In the wake of yet another social networking embarrassment for the league, NFL Commissioner Roger Goodell has finally laid down the law, at least when it comes to Twitter.
“From now on, everybody’s tweets go through me,” Goodell posted on his own Twitter page. “Players who don’t get their tweets approved by my office will be fined $10,000 per offense.”
The new rule was enacted in response to the backlash over player tweets questioning Jay Cutler’s toughness after he was unable to finish the NFC Championship game because of injury.
“Maurice Jones-Drew and Darnell Dockett have to realize they represent not just themselves, but also the league,” said Goodell. “The NFL will no longer tolerate unsanctioned Twittering. Any player or coach who wishes to post a tweet must first submit it to the office of the commissioner and wait 10-14 days for approval. We may also respond with a revised tweet based on our lawyers’ review.”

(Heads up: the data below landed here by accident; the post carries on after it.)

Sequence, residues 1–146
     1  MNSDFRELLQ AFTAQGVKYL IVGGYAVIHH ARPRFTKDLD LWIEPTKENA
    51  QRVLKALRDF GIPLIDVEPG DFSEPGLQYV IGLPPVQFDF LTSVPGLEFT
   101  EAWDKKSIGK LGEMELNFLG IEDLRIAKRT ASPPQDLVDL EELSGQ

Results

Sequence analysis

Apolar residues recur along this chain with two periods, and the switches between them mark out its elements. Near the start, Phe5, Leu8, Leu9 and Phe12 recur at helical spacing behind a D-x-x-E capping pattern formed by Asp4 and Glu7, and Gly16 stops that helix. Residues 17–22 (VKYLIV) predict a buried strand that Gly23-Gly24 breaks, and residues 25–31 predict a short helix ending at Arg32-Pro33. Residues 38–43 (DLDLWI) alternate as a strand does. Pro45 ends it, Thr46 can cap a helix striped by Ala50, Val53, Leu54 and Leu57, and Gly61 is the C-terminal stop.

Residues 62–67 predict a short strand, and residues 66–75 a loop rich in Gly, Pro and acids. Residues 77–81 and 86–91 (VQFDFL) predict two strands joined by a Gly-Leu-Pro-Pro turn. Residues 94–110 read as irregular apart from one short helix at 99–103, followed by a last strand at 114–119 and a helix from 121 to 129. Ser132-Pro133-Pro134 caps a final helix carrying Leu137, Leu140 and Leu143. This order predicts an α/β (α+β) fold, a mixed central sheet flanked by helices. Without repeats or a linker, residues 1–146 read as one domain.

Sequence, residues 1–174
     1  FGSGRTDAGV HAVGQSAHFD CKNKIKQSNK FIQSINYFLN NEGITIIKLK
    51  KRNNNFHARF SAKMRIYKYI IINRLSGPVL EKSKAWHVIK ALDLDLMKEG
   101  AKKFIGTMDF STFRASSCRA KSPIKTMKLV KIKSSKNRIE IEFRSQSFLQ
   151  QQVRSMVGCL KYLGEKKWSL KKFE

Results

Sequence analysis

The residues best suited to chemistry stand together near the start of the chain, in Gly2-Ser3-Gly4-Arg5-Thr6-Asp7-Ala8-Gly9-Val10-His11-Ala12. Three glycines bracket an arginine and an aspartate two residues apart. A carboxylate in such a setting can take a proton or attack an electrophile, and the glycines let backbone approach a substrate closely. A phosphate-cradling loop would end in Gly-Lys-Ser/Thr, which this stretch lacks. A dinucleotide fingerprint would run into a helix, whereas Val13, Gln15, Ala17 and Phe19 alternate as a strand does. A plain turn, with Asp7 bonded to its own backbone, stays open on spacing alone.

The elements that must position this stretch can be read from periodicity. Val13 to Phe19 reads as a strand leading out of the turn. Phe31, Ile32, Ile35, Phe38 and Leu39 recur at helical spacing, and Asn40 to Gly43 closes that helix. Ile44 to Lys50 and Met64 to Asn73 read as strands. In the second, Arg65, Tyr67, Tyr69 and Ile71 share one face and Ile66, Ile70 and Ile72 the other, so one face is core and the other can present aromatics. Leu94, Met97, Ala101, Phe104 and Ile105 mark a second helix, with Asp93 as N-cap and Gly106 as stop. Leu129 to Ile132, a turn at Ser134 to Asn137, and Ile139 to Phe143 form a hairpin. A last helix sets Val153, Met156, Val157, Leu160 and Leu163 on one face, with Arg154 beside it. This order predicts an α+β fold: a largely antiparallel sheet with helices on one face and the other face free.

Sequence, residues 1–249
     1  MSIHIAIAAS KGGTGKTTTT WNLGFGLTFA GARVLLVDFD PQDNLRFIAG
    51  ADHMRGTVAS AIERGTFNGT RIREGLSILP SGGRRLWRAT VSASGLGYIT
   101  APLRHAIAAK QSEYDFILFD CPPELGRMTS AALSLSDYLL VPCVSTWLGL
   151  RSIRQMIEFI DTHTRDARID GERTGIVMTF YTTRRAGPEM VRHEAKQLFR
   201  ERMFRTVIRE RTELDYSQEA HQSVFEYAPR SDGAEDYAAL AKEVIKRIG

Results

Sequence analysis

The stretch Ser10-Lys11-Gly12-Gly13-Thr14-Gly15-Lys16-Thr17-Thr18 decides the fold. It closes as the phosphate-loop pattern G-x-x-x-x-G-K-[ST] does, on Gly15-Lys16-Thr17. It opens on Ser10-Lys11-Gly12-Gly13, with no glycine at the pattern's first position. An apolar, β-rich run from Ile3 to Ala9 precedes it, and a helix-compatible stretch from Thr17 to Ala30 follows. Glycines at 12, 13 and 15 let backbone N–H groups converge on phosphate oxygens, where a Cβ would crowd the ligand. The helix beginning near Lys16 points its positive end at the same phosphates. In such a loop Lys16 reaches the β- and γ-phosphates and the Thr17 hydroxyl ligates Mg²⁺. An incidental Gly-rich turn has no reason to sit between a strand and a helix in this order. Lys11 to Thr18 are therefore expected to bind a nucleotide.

When asked if he thought making players wait up to two weeks to tweet defeated the purpose, Goodell was diplomatic.
“If by purpose you mean being timely, then yes,” he said. “But if by purpose you mean me clenching my fist tighter around the league and ultimately driving our sport into the ground with another work stoppage, then no.”